Almost Haiku: Eleven

path between trees herastrau park

Path between trees

feet following

the quiet.

7 Good Habits I Picked Up During the Pandemic

young man sitting in nature painting

It was the worst of times, it was the best of times, it was a time of disbelief, it was a time of hope, it was a time of media noise, it was a time of personal quiet, it was the spring of not going anywhere, it was the summer of reading everything.

The pandemic is by no means over, but now that the situation is better in at least some countries, I can look back on the last 16 months or so and see some of the good that came out them.


It all started with a yoga mat with poses illustrated on it. Now, I’m not doing the sun salutation or headstands. Nor do I have any aspirations to contort my body into semi-indecent poses like you see on the covers of yoga magazines. But I do yoga at least 3 times a week and it’s quietly wonderful.

Yoga, I’ve come to believe, is not some new age nonsense, but a simple way to appreciate your body and feel at ease in it.


I’ve always meant to penpal but never got around to doing it–until the pandemic. Now I’m happy to say I have penpals around the world.

Getting to know someone like that, from a distance, one word at a time, one wait at a time, can be special. More than acquiring new perspectives, it’s an opportunity to see yourself reflected in another’s curiosity.

Essential Oils

Sitting in my room writing and reading, I felt that something was missing. Not love, no, it felt good being a hermit, at least for a bit longer. And then it struck me–my room looked the way I wanted it to look, but didn’t smell of anything.

I got a simple aromatherapy lamp and half a dozen essential oils, and now I’m slowly discovering, one by one, the wonderful world of natural scents, plants and trees, and another form of quiet wisdom I didn’t pay attention to before.


I haven’t traveled lately, but then I didn’t feel the need to. I owe that to the garden. There was a greenhouse to set up, and soil to prepare, and vegetables to plant and water, and other green things to do.

Something about soil on your hands that doesn’t make your hands feel dirty. On the contrary, it enriches them.


How can I have been living for so long not knowing the simple pleasure of oatmeal with nuts and forest fruit and cranberries and bananas and cinnamon, and a bit, just a bit of honey?

Raising Dogs

I may have lost a cat–Manoli hasn’t showed up in months. But I gained Mozo and Beto, two furry four-leggers who more than once kept me awake at night with their maddening barking are good at being what they are, young dogs.

PS: Not so furry these days, since they got a trim and now are wearing summer coats.

Living in the Present

With few goings out and distractions, it was easier to return to my breathing, to meditation, to the small and simple everyday pleasures of life. To the present moment, the here and the now.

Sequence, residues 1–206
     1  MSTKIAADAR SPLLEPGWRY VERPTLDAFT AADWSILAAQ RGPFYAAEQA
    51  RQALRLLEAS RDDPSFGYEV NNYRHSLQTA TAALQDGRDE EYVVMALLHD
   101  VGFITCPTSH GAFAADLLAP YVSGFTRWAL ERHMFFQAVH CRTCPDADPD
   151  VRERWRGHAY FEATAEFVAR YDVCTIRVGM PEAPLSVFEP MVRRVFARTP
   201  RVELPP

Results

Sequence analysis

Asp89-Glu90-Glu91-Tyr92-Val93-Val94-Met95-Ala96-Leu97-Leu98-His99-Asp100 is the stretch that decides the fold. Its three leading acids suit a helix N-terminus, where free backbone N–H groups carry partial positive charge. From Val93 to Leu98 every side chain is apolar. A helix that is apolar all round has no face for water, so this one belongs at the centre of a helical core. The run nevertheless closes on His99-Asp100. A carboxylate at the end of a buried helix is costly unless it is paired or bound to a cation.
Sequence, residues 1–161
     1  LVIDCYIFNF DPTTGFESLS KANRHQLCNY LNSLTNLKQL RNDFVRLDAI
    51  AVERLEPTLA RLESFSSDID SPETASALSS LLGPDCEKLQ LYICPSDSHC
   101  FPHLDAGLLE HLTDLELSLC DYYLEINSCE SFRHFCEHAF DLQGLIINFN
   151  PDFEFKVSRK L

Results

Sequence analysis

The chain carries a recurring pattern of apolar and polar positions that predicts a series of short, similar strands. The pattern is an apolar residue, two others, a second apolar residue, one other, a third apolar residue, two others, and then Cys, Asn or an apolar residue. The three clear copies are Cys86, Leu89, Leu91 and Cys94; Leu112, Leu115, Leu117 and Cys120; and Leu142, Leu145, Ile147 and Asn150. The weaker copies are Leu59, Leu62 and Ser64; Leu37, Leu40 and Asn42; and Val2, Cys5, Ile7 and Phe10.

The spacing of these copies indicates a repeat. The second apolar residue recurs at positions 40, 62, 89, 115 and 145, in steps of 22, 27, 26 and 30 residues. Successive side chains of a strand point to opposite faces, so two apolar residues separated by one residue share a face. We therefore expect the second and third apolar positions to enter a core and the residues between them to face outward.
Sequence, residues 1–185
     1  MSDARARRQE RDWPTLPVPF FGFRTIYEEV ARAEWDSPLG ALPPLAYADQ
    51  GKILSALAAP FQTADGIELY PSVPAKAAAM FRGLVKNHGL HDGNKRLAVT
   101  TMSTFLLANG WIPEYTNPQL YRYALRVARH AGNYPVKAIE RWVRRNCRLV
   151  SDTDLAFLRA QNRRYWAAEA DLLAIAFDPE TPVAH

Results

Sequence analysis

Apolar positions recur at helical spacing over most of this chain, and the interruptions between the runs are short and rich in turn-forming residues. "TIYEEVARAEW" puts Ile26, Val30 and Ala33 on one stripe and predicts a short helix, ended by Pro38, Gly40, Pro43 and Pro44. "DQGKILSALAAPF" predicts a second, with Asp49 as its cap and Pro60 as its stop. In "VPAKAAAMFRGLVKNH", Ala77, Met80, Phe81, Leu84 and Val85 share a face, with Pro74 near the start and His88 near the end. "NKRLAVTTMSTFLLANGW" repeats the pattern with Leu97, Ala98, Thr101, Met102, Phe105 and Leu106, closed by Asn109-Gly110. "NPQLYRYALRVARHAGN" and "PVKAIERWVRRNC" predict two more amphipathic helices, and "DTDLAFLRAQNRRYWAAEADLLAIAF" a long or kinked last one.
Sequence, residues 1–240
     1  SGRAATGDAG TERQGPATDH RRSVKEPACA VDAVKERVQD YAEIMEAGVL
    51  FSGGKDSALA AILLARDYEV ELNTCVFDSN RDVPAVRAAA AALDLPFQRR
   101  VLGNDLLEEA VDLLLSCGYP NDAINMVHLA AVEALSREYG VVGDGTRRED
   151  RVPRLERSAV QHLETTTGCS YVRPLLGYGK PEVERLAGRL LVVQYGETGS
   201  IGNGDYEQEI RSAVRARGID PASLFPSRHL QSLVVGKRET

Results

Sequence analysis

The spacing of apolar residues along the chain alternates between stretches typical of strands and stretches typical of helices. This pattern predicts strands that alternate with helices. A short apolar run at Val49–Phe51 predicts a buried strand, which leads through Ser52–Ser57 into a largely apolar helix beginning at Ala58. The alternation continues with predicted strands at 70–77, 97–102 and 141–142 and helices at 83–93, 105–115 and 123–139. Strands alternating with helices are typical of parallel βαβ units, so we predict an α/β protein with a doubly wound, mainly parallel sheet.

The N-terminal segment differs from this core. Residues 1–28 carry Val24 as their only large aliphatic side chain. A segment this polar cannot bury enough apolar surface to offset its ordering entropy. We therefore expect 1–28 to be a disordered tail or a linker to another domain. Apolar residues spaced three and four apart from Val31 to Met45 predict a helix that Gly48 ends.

To seeing things as they are and appreciating them for that, not wanting to change them in any way.

I hope to continue inhabiting the present long after the world readjusts itself to a new normal, and myself with it.

Painting: Futur-Simple (c) Azucena

9 Things Worth Seeing Everyday

Matt Talbert Painting Seeing the World Through Fresh Eyes

Every day we look at countless things, but we see most of them without seeing them while thinking of other things, while living in our heads.

Often, it’s not until we receive an important message on our phone, come across a striking photo in our social media feed, or glance at our reflection in the mirror that we pause and pay attention.

Seeing is one of my favorite things to do in life. Waking up in the morning and seeing the window—bright or cloudy—brings me a quiet joy that lifts off me the weight of gravity.

So, what are nine things that are worth seeing every day—and not merely worth looking at?


The sky and the shapes of clouds. Because not seeing the sky means not lifting your eyes from the ground and what’s around you, it’s not keeping your chin up.


The trees. Because they breathe for us, one leaf at a time. And because what would our world be without trees?


The food on our plate. Because it’s a big deal—it’s life, energy, vitality, and pleasure, and because many people in the world are hungry.


Our hands. Because they do so much every day. We take them too much for granted.


Our feet as we walk. Because there is something beautiful and encouraging about their movement.


Words on a printed page and/or handwritten on a blank page or in a notebook. Because not reading is living only one life instead of a thousand. And because not jotting down a few words at least now is missing on how to be alone with yourself in a good way.


The water in the glass before we drink it. Because water lets other colors and forms show through and is humble even as it is life-giving.


The faces of the people we care about. Because looking at them without seeing them is missing on so much of life, and because we will come to miss those faces one day.


The window of the room we spend most of our time in. Because it’s only human to look out, at least now and then, whether the scene is pretty or not.

Is there anything else you’d add to this list?

Painting c) Matt Talbert, Seeing the World Through Fresh Eyes.